First family's grip on Togo takes tense turn
The Togolese first family's long hold on the country's politics took a tense turn this week, with President Faure Gnassingbe having his half-brother Kpatcha arrested over an alleged anti-government plot.
Originally of peasant stock from the north of the small, poor west African country, the family's hold on Togo took shape when the late Gnassingbe Eyadema ousted the first president, Sylvanus Olympio, in a January 1967 coup led by a chief sergeant in the French-trained army.
With the Olympio family always leading the opposition, the politically deft Gnassingbe Eyadama controlled Togo with his iron rule and enough human rights violations to lose European Union financial support almost until his death in February 2005, when he was the doyen of African leaders.
Eyadema left a complex legacy to a large family, with many children born of different mothers.
When his sudden demise created a power vacuum, the army and the ruling Togolese People's Rally (RPT) catapulted Faure Gnassingbe into office. They thus put a man who had studied management in France and got an American master's degree in business administration at the helm.
The means of his accession to power led to a domestic and international outcry, so Gnassingbe stepped down just long enough to have himself elected with help from the RPT.
Gnassingbe has been likened by some analysts to Morocco's King Mohammed VI, another African leader to inherit control of a nation after decades of hardline rule, and who has set out to ease tensions, improve human rights and win over foreign donor nations.
Togo is a major phosphate producer and produces cocoa, coffee and cotton, but the majority of its six million people live off subsistence farming. The four major exports are all in decline and Western financial help is at a premium.
Kpatcha Gnassingbe, whose house was raided on Sunday by elite troops in an operation that led to a bloody gunfight, has been accused by state prosecutors of "trying to undermine state security," with five named military officers and a number of civilians.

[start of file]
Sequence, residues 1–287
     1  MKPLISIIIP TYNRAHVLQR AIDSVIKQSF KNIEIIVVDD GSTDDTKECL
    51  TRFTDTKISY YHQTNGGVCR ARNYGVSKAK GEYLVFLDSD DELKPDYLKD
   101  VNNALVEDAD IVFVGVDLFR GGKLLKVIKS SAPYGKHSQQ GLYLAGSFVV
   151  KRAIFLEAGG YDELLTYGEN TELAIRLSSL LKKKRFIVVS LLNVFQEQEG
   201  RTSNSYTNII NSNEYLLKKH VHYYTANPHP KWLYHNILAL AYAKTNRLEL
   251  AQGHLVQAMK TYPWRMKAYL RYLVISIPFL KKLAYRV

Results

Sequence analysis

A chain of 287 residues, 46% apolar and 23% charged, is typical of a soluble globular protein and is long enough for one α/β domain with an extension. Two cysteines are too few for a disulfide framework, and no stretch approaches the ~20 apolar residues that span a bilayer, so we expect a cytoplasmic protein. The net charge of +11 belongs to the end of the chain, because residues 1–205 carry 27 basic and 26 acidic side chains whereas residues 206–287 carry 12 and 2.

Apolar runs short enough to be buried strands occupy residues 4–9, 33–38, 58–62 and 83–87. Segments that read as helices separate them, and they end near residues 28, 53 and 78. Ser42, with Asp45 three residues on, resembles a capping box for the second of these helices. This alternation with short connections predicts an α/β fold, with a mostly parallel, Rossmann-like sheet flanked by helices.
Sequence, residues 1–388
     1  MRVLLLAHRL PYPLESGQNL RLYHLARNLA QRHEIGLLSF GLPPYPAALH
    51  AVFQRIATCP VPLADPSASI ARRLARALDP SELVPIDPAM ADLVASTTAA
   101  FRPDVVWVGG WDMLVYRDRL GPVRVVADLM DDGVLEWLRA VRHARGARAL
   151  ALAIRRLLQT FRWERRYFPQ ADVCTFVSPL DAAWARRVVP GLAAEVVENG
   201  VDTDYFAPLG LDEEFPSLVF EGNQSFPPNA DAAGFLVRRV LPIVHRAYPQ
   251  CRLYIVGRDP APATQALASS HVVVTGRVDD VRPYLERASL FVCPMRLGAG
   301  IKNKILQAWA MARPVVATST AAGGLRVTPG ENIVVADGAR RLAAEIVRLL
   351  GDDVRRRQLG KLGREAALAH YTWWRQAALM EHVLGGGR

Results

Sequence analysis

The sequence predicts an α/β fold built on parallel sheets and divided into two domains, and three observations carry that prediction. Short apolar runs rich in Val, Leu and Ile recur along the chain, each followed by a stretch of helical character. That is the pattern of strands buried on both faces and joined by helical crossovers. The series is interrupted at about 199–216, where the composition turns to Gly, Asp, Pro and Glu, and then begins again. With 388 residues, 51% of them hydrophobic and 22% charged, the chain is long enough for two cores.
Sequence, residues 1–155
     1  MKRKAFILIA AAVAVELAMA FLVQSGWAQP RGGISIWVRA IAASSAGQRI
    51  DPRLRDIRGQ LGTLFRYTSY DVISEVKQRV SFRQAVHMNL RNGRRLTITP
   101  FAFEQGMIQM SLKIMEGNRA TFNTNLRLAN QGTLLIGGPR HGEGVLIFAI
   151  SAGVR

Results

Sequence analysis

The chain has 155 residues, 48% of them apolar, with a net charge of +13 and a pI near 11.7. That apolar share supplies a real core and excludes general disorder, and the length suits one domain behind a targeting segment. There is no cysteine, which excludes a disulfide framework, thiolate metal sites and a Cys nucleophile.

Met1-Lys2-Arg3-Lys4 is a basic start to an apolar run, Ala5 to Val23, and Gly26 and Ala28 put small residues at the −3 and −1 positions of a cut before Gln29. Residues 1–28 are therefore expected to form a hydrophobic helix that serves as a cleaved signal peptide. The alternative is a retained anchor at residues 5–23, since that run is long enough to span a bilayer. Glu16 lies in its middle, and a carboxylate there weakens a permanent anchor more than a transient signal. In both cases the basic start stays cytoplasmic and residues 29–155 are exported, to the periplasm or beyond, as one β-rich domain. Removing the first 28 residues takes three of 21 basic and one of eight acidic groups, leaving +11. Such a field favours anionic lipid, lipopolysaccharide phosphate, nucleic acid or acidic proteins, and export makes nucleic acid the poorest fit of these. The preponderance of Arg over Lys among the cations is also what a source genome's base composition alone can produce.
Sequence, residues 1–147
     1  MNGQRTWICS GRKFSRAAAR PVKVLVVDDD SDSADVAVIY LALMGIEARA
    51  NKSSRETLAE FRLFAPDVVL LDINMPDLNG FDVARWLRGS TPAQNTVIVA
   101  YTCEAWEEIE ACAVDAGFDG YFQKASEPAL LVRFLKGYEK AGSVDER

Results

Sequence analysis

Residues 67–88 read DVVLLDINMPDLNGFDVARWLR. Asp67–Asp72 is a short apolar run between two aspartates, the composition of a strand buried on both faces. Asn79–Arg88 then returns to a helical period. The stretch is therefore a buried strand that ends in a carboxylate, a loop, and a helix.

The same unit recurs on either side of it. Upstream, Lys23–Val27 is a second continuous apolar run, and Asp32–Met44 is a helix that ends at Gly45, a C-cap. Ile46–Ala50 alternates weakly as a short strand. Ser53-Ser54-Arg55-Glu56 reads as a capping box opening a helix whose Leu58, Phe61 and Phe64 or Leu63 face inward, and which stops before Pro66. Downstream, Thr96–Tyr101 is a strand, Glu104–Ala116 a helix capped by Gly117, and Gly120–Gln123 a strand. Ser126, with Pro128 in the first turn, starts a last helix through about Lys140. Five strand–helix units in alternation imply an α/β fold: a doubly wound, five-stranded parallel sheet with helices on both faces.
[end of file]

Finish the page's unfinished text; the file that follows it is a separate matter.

A stocky former defence minister, from 2005 to 2007, Kpatcha is perceived as being the heavyweight hardliner and conservative of the family, who combined his ministerial work with running the Lome port free trade zone.
Kpatcha's mother hailed from the north of Togo, while Faure was born to a woman from the south near the Gulf of Guinea.
"One of them (Kpatcha) has taken his father's legacy on board and has kept the same interests, the same methods and the same way of doing things: the other one (Faure) is sometimes ill-at-ease" with some of the darker chapters of his father's reign, one foreign observer told AFP.
"For Togo there is no other solution than to continue on the road of democracy. The Eyadema era is well and truly over ...," the former speaker of the National Assembly Fambare Natchaba said.
He dismissed the current falling out between Faure and Kpatcha as "just an incident" that should not have a significant impact on the country's politics.
Three other brothers include the eldest, Ernest, who led the much feared paratroopers of Kara military base in the north, but whose career ended with a cerebral stroke.
The other, Rock, long led the Togolese Football Federation and now commands a military armoured division. He went to Kpatcha's house on Sunday to bring an end to violence there.
The Gnassingbe succession is apparently being secured. Mey Gnassingbe, a brother still in his 20s, has been made a close adjoint to the head of state.